This talk actually isn’t about me, even though I’ve been talking about myself up to this point. This talk is actually about you.

Could I see a show of hands of you folks who already have a business, who already have a product out in the wild? Awesome. That’s so great. I am so glad to hear that. Is it profitable? Looks like our hands went down by about half. Is it now your main source of income? Looks like we went down by half again. We have a…I forget the mathematical term for that. I’m a girl. When in doubt, insult your gender. Always good for laughs. [The word I was looking for was 'trend,' of course, or 'geometric progression.' Sometimes my brain freezes up and I can't remember the names of things… or even people I know really well! Derp derp derp.]

You folks who have businesses who raised your hands, “Yes, I have a product out in the wild,” are you worried about marketing? By worried I mean does it make you uneasy? When you sit down to do it, does it make you uncomfortable? Do you feel like you’re searching about for ideas? Do you feel like you’re not doing it just right? Can I see a show of hands?

All right, that’s a good portion about you. I think the rest of you are probably lying, right? Do you worry about your prices? Are you charging too little? Are you charging too much? When people say your prices are too high, is that really why they’re not buying all that stuff? Do you worry about pricing? Can I see? All right, lots of people. Fantastic.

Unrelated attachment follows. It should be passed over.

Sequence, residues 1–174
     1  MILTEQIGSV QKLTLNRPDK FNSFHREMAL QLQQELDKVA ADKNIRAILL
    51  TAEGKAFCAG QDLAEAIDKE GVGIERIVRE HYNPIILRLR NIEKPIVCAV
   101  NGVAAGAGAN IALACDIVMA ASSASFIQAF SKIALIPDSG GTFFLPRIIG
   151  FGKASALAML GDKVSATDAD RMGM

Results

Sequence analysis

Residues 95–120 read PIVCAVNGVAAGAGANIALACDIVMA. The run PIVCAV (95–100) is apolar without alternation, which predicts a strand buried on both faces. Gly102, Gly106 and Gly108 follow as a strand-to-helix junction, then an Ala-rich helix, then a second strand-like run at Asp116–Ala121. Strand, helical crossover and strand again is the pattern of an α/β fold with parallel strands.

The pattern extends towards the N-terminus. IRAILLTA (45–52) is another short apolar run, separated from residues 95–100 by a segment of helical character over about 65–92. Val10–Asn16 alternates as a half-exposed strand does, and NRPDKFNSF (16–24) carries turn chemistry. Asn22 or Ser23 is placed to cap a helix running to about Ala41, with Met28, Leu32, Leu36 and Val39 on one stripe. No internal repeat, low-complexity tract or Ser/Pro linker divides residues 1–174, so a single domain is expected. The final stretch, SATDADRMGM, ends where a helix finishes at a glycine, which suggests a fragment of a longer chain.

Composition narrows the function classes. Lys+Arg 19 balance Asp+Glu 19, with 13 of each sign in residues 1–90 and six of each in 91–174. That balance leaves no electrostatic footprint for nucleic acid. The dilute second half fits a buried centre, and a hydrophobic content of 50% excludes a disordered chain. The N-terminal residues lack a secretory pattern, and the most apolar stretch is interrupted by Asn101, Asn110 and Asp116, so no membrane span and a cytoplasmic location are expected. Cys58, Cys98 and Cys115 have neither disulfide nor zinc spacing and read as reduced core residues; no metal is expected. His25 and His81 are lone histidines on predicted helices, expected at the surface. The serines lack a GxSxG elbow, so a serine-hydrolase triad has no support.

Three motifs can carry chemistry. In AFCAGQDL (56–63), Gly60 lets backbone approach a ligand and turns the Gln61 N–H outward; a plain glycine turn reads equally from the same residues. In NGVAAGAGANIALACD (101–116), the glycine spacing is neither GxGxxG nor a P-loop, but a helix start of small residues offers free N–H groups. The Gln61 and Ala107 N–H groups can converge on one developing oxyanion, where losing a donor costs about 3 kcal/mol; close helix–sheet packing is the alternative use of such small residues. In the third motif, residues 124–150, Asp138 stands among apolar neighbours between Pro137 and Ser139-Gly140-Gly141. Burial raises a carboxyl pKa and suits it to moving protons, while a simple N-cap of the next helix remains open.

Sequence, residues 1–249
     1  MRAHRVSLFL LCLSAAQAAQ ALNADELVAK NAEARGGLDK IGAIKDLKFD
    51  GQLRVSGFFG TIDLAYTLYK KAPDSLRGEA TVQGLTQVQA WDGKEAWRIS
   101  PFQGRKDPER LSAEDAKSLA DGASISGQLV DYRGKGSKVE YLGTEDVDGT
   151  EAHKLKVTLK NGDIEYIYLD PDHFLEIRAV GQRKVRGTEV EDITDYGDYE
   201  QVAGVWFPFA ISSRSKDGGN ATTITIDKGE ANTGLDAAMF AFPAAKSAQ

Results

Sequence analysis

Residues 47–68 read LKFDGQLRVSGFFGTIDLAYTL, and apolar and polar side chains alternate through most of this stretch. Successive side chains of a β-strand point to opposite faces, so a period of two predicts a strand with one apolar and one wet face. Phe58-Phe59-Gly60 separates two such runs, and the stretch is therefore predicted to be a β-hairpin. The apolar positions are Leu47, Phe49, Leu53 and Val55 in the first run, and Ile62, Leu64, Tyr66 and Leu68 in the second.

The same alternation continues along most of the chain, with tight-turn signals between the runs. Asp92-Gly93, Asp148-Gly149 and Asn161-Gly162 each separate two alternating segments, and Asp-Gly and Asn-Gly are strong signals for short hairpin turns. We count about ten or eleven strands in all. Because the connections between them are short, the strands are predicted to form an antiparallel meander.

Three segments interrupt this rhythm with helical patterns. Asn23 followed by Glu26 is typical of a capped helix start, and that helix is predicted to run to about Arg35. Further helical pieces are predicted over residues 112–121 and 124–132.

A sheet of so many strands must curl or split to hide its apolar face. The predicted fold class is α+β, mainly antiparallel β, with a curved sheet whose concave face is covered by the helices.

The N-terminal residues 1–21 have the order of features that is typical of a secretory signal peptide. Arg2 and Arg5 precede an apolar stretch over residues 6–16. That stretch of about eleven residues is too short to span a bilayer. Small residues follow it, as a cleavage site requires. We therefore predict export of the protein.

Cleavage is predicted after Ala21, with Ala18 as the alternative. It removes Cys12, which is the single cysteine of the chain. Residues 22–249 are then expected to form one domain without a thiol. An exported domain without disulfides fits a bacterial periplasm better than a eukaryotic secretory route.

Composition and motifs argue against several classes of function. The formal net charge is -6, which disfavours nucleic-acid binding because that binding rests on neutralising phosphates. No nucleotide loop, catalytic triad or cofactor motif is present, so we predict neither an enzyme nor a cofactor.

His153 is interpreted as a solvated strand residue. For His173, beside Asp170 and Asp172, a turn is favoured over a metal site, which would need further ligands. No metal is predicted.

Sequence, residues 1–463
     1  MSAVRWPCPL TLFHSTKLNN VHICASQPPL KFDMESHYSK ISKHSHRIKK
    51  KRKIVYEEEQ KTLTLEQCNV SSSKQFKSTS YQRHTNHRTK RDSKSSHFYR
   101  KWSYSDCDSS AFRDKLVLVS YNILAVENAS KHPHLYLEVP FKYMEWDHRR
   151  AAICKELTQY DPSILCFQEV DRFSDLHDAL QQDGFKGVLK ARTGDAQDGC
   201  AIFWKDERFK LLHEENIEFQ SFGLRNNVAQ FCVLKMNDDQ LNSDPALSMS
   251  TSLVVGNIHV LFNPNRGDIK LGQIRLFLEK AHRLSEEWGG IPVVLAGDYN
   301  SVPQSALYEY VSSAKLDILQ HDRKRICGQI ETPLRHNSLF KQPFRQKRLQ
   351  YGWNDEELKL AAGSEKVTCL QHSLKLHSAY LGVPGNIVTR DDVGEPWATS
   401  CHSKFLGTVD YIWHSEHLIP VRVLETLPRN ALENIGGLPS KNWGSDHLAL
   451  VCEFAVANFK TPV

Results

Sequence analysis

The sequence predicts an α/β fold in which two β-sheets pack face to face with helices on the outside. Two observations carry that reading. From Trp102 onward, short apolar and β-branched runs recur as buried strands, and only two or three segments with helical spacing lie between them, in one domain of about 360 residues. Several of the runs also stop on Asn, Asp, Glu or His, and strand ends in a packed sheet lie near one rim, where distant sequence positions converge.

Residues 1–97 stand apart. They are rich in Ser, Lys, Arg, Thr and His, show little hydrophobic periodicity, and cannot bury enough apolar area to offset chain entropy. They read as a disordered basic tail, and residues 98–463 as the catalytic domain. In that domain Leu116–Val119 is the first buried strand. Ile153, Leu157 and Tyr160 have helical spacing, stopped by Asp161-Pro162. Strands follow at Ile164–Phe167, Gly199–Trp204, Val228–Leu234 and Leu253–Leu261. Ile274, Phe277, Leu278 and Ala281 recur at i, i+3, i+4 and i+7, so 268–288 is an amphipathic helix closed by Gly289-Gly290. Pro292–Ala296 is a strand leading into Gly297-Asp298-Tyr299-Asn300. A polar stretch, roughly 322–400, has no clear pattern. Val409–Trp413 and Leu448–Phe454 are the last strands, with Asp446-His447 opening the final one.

Finally, all these things together. Are you concerned that you’re not making as many sales as you should or ought to be? All right, that’s pretty much everybody. Awesome. That was more to the fact that you took the effort to raise your arms than that you’re concerned about stuff, just so you know.

Those of you who have not got a product out in the wild yet, do you actually have something in the works already? Show your hands. Awesome. Or are you still looking for the right idea? OK, just a few of you. Wow, hope you’re not bored. Are you guys worried about marketing, you guys who haven’t launched a product yet? Yeah? Are you freaking out that you’re going to build something and then no one will buy it? OK.

The laughter means I just hit on a real nerve, even more awesome.